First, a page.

Gen. Olusegun Obasanjo, who handed over the reins of power to the late Alhaji Shehu Shagari, in his book, Not My Will, said Shagari was pushed into power by those who wanted to use him “and he was unfortunately too weak, and somewhat ill-prepared for the trappings of political power to check the abuses of his power by those who made use of him”. Africa Today Publisher KAYODE SOYINKA, in this special piece for The Nation, examines the Shagari Presidency.
FROM THE ONSET, ALHAJI SHEHU SHAGARI, who won the 1979 Presidential election, although the verdict was controversial, never gave the impression of being a man who had clear idea of what government was all about. If anything, he appeared to be the reincarnation of Prime Minister Abubakar Tafawa Balewa: purposeless, weak, and even to some, lazy – characteristics not surprising in a man who, after all, had never courted power and wanted only to be a senator.
In the way he operated and performed as president of Nigeria, it was clear that what President Shehu Shagari found most attractive was the pomp and pageantry that came with leadership. General Olusegun Obasanjo, who handed over the reins of power to him, said of him, in his book, Not My Will: “He was pushed into power by those who wanted to make use of him and he was unfortunately too weak, and somewhat ill-prepared for the trappings of political power to check the abuses of his power by those who made use of him”. Shagari himself later demonstrated his lack of confidence in government when he made his famous remark to the effect that, in reality, there were only two major political parties in Nigeria during the Second Republic: the civilians on the one hand and the military on the other.
Because he inherited a healthy economy and because, like former Head of State, General Yakubu Gowon, the oil boom really was a real boon for him, Shehu Shagari saw his problem not as earning money for the country, but as not knowing what to do with it.
When he came to power October 1, 1979, the price of oil was $40 per barrel on average and the production level was two million barrels per day throughout 1980 and the beginning of 1981. The price of oil had jumped from about $14 per barrel in the third quarter of 1979 to $40 per barrel in the first quarter of 1980. In 1979/80 Nigeria’s revenue was estimated at N12.272 billion (about £9 billion), to which oil contributed about N9.489 billion (£7.6 billion).
Politically, in the first two years of his administration, Shehu Shagari enjoyed reasonable amount of goodwill. His ruling National Party of Nigeria (NPN), which called for a government of national unity, succeeded in getting Dr Nnamdi Azikiwe’s Nigerian Peoples Party (NPP) to join it to form a government. This relative support and goodwill, which Shagari received from the electorate, despite legal arguments in court about the validity of his victory at the poll, was partly due to the Nigerian people being genuinely fed up with the military rule of the past 13 years and wanting to give civilian rule a chance. Unfortunately, it turned out that Shagari, despite all the years he had spent in the country’s public service, both as a senior politician and in government, with several key ministerial feathers in his cap, really had little inkling of modern politics and economics.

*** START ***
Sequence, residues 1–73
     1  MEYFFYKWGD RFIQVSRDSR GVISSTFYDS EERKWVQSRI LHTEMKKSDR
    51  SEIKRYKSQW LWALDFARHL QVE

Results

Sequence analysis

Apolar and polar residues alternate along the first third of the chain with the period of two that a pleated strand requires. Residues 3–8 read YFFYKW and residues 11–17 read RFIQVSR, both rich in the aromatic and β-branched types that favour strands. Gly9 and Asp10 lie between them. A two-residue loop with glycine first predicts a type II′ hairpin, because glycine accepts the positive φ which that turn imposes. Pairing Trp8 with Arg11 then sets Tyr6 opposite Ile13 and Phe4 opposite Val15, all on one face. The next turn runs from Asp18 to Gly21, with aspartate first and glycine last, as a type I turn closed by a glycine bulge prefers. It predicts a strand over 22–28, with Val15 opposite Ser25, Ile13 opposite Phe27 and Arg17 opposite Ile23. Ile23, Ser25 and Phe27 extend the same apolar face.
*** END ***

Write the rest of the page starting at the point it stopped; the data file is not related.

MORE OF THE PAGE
Lacking a sense of history or of Nigeria’s destiny, the Shehu Shagari government threw overboard the cost-cutting measures of its predecessor and began to wallow in profligacy. “The financial recklessness of federal and state governments inevitably resulted in the depletion of an already low revenue (resulting from a fall in oil production and price of crude), high debts, inflation, unemployment, factory shut-downs, food scarcity and general disenchantment,” wrote Nigerian commentator Ray Ekpu in the October 1984 edition of Africa Now.
In short, Shagari’s NPN government of October 1, 1979, to December 31, 1983, was the epitome of political and economic mismanagement in Nigeria of that era – a government that had killed the country’s economy and politics in its first four-year term. What made matters totally hopeless was that the government engineered an incredible elections fraud in 1983 to ensure his re-election.
It was no surprise therefore when Nigerians woke up on the last day of the year 1983 to discover that Shagari’s government had been swept away, there were few mourners. The new military government of General Muhammadu Buhari needed no great oratory to convince Nigerians that the fallen government had been a monumental disaster; almost everyone, except for a few party faithful who profited from the decadence, had felt the rottenness of the government in his bones. As the soldiers broke open warehouses and stores of essential commodities, rice, milk, sugar, cooking oil came tumbling out in large quantities and Nigerians began to dance in the hope that an era had come when such commodities would be both available and affordable.